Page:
NATHAN HALVERSON: When I went to see the bridge, the flood risk was clear.
The water level has risen up so high now, that it would go right over the surface of the road, if they hadn’t built these retaining walls to keep it back.
Problems like these are already costing taxpayers tens of millions of dollars. And subsidence is also damaging a vital part of California’s flood control system.
CHRIS WHITE, Central California Irrigation District: So, the levees through here are about five to six feet lower than they were historically.
NATHAN HALVERSON: Chris White runs the Central California Irrigation District. He says subsidence is weakening levees.
CHRIS WHITE: This area, we have always had flood challenges through here. But with this subsidence that’s occurred, it’s going to be even more challenging to deal with floods in the future.
NATHAN HALVERSON: Forecasters are predicting a record El Nino this winter. The wet weather pattern could bring heavy rains to this region.
CHRIS WHITE: Red on this map is bad.
NATHAN HALVERSON: White showed me areas most at risk of flooding.
CHRIS WHITE: There’s a school. There’s an elementary school there. Highway 152 crosses right through the area. There is significant farmland assets. I’m praying for rain regardless, but it’s a high-risk situation from a flood control standpoint.
NATHAN HALVERSON: Nearly half the nation’s fruits, vegetables and nuts are produced in California. To find out what the state is doing to protect its vital farmland, I met with Jeanine Jones of the governor’s Drought Task Force.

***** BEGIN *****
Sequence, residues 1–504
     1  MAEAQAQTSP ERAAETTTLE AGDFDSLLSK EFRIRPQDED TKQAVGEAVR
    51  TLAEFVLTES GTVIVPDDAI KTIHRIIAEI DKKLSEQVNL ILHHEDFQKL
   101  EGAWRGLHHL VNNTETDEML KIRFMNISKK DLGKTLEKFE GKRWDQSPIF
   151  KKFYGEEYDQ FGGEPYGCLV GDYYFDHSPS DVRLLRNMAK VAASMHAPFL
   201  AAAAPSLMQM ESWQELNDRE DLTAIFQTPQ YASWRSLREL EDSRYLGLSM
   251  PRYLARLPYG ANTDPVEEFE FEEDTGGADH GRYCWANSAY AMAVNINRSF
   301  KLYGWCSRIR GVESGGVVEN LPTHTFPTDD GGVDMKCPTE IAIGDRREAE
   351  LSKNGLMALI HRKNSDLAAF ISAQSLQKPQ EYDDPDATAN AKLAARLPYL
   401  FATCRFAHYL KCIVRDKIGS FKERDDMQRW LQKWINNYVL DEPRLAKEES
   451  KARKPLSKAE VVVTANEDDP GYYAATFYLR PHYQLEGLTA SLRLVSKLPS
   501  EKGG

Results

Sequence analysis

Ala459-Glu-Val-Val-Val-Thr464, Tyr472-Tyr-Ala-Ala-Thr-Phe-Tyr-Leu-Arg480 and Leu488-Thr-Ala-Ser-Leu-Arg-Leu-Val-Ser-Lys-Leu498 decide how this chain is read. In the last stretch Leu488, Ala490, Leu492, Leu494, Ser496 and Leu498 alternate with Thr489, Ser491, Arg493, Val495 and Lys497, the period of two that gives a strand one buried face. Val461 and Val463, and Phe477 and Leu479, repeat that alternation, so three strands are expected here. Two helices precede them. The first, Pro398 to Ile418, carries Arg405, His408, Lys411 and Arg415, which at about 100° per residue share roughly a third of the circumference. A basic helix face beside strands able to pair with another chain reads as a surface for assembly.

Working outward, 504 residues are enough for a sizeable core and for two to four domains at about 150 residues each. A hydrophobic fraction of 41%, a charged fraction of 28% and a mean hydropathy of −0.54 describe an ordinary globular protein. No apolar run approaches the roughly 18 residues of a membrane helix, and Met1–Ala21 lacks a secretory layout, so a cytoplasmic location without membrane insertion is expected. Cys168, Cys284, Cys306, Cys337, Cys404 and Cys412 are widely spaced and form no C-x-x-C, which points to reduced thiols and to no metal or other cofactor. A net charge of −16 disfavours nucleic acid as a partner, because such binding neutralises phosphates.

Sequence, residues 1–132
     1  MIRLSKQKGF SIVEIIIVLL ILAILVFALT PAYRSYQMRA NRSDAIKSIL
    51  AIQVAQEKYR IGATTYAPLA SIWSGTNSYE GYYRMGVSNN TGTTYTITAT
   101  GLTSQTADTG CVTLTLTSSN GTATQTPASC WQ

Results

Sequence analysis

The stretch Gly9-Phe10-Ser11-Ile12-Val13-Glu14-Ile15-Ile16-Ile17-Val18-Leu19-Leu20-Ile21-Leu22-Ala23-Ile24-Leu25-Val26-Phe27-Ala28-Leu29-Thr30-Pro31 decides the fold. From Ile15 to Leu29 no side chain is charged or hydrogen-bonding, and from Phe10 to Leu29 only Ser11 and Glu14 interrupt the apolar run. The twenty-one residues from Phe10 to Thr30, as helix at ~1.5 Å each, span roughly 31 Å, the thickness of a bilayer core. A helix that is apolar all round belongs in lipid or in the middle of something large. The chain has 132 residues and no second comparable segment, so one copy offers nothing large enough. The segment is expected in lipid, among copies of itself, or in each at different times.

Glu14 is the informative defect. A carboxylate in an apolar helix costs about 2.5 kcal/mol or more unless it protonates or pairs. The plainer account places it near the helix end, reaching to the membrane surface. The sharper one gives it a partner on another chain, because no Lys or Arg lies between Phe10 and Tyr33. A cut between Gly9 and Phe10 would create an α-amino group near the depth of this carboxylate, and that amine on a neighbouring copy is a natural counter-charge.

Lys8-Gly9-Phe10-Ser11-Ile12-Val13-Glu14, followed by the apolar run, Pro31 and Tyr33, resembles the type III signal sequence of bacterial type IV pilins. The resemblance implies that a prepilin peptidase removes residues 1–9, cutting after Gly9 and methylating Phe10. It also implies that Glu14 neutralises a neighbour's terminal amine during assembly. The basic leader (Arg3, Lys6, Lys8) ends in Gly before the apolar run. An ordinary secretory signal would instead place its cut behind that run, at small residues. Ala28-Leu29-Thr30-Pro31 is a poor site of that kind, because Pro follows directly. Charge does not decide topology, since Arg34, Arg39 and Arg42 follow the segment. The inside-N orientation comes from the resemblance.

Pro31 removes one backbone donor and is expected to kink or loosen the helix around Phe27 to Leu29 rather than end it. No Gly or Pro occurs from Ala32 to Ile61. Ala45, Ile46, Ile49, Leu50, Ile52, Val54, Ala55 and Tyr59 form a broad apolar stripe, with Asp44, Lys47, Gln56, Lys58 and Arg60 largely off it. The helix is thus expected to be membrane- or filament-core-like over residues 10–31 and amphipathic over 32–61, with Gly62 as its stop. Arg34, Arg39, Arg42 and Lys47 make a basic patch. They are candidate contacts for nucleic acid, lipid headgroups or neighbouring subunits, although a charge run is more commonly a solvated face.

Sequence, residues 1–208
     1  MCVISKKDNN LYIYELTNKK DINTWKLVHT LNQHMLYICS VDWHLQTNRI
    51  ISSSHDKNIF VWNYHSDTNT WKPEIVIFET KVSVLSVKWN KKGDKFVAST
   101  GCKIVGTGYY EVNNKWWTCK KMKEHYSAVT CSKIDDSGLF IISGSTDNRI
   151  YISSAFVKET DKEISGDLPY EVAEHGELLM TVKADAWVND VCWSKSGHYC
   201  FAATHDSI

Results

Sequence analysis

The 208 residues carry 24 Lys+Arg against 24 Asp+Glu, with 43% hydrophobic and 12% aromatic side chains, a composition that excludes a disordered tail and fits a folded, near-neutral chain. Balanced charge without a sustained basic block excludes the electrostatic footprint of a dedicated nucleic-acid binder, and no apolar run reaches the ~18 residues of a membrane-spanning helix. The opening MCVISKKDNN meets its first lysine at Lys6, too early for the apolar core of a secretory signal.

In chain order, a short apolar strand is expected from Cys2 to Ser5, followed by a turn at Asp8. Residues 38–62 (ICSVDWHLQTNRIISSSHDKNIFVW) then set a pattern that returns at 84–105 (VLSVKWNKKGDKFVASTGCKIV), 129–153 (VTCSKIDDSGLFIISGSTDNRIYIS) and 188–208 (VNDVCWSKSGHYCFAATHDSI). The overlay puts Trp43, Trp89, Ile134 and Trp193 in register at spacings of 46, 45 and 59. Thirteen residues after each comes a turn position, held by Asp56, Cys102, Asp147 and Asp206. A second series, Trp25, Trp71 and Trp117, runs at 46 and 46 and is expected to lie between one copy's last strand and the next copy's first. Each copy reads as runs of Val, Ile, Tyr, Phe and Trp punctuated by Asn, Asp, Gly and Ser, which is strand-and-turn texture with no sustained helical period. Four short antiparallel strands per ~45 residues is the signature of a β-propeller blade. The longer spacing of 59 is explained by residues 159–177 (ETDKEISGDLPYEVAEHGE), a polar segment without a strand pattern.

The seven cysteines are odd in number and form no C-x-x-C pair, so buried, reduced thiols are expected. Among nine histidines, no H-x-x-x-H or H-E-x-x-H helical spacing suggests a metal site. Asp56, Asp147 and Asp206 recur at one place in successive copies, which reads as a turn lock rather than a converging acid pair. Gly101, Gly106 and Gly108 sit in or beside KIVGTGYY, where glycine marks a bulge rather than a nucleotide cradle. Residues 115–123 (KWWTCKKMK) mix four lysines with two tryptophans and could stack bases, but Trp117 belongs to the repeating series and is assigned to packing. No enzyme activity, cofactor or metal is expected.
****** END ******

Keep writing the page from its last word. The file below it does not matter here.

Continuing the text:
JEANINE JONES, California Department of Water Resources: Subsidence is not regulated historically under California law. No one is responsible for it.
NATHAN HALVERSON: The state doesn’t even know how big the subsidence problem is.
We’re not even monitoring all of the subsidence?
JEANINE JONES: There has — no, there has not been funding or programs, because there has been no statutory responsibility or requirement to do so.
NATHAN HALVERSON: Last year, California lawmakers passed legislation to manage groundwater, but it won’t require regulators to limit pumping for another 25 years. Until then, the sinking will likely continue.
So, how much is the state projecting this subsidence is going to cost taxpayers?
JEANINE JONES: We have not run that analysis. It is a local scale issue, so — and most local agencies — because subsidence happens very slowly, and over the long term, it is not something that comes to the top of the priority list generally in terms of maintenance.
NATHAN HALVERSON: The independent nonprofit California Water Foundation has estimated that damage due to subsidence across the state could cost taxpayers billions of dollars to fix.
Do you think a billion dollars is a high estimate for what the total costs will be or a low estimate?
JEANINE JONES: I really don’t have anything to judge it by. Just don’t have the data.
NATHAN HALVERSON: For some farmers, drilling for water has provided a lifeline during the drought. But the long-term consequences of that drilling are becoming clearer. As large swathes of the state continue to sink, the risk of flooding increases.
And people like Johnny Andrews, whose farms have survived four dry years, are now worried they could be wiped out by the rain the state desperately needs.
JOHNNY ANDREWS: We’re talking about the state and feeding the people in the state. If that flood is bad enough, it will wipe out the next year’s farming, or a lot of it.
NATHAN HALVERSON: For the PBS NewsHour, I’m Nathan Halverson in Los Banos, California.
HARI SREENIVASAN: In response to the NASA report, Governor Jerry Brown’s Drought Task Force announced it would work with local communities to develop recommendations aimed at reducing subsidence.